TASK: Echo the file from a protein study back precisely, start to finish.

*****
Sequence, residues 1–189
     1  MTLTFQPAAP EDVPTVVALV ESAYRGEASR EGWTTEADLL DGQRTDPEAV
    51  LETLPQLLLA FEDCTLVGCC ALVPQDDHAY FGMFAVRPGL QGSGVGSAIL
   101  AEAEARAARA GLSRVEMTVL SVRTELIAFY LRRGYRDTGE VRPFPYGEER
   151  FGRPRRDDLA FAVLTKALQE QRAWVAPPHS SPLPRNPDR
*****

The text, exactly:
Sequence, residues 1–189
     1  MTLTFQPAAP EDVPTVVALV ESAYRGEASR EGWTTEADLL DGQRTDPEAV
    51  LETLPQLLLA FEDCTLVGCC ALVPQDDHAY FGMFAVRPGL QGSGVGSAIL
   101  AEAEARAARA GLSRVEMTVL SVRTELIAFY LRRGYRDTGE VRPFPYGEER
   151  FGRPRRDDLA FAVLTKALQE QRAWVAPPHS SPLPRNPDR